- The religious underpinnings of the insurgency are relevant. The United States does not face a transnational terrorist threat from Angola or Chile, despite having recently supported dictators as unconcerned with human rights as those in the Muslim world. With religion one of the strongest call to arms in human history, and with electronic means of reaching disturbed souls from Orlando to Bali, the ideological struggle must account for the religious nature of this insurgency.
- What ordinary citizens say and do in the West has new significance. Gaining 1.6 billion Muslims as allies in building a prosperous and pluralistic future depends on their feeling that the West is a reliable partner in doing so. In the age of Facebook, Islamophobic actions and comments from anyone—a newspaper (Charlie Hebdo), a pastor (Terry Jones)14, or an ordinary citizen (Craig Hicks)15 can go viral and find fertile soil among alienated populations. For counterinsurgency in a part of the world where respect and honor arguably matter more than rights, such behavior has severe consequences.
- Images live forever. Abu Ghraib will forever live in infamy in the digital age. In an ideological struggle, electronic media makes it that much harder for Western armies to overcome past mistakes which undercut it. However, the same holds true for our enemies’ atrocities.
- All counterinsurgencies are interconnected. If defeated in Iraq, irreconcilables can move to new territory with unprecedented ease. Their ideas can move with just a few keystrokes. Victory in Iraq is strategically irrelevant if Libya, Pakistan and Syria sustain the global insurgency. Success or failure in one location can inspire others faster than ever.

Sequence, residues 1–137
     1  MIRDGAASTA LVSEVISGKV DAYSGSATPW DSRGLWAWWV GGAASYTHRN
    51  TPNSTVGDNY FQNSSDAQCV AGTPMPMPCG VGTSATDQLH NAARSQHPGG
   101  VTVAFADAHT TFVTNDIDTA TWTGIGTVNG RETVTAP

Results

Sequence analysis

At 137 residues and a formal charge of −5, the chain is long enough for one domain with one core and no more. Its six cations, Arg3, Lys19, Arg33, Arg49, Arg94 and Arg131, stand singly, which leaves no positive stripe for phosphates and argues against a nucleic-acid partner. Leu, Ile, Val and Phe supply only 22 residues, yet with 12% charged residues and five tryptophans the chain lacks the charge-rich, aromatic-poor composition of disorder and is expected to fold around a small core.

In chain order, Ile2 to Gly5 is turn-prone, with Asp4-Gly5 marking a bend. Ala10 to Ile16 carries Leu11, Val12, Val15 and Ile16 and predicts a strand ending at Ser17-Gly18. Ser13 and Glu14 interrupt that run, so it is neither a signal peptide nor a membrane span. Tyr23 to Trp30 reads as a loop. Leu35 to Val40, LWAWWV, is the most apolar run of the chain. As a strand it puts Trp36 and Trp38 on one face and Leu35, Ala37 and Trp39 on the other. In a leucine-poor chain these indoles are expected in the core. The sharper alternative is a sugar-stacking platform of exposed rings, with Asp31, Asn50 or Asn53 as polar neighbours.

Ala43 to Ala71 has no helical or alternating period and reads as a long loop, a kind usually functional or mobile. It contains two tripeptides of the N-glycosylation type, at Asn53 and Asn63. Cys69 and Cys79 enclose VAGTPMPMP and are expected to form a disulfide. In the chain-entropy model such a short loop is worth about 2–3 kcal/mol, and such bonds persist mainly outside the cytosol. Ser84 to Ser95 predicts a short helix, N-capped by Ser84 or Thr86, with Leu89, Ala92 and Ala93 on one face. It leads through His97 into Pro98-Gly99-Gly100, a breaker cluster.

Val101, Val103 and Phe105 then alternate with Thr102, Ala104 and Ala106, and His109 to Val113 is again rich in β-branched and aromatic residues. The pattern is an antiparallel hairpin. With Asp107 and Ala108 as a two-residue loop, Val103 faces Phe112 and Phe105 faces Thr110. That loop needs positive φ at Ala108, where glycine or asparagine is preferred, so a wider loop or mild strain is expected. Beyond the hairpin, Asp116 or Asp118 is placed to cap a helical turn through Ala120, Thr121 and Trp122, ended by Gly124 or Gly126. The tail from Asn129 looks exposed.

- Counterinsurgency doctrine still works. Despite the new technology, each of General Petraeus’ fourteen points for soldiering in Iraq remain relevant, and even take on new meanings (Table 2).16
|General Petraeus’ Observations from Soldiering in Iraq||Extrapolation to Global Counterinsurgency|
|1.||“Do not try to do too much with your own hands.”||Empower and support local change agents wherever possible.|
|2.||Act quickly, because every Army of liberation has a half-life.||Act quickly, because enemy organization and entrenchment grow with time|
|3.||Money is ammunition.||Economic development and dignity are force multipliers.|
|4.||Increasing the number of stakeholders is critical to success.||Allies matter at the international and local levels alike.|
|5.||Analyze “costs and benefits” before each operation.||Do not pursue policies that produce more terrorists globally than they eliminate.|
|6.||Intelligence is the key to success.||An ounce of prevention is worth a trillion dollars of cure.|
|7.||Everyone must do nation-building.||Civilian government agents and the general public must aid in region-building.|
|8.||Help build institutions, not just units.||Only institutions provide lasting security and dignity of daily life.|
|9.||Cultural awareness is a force multiplier.||Cultural awareness, by anyone who can show up on Facebook, is a force multiplier.|
|10.||Success in a counterinsurgency requires more than just military operations.||Stamping out a global counterinsurgency is not the military’s job alone.|
|11.||Ultimate success depends on local leaders.||Ultimate success depends local leaders, including national leaders.|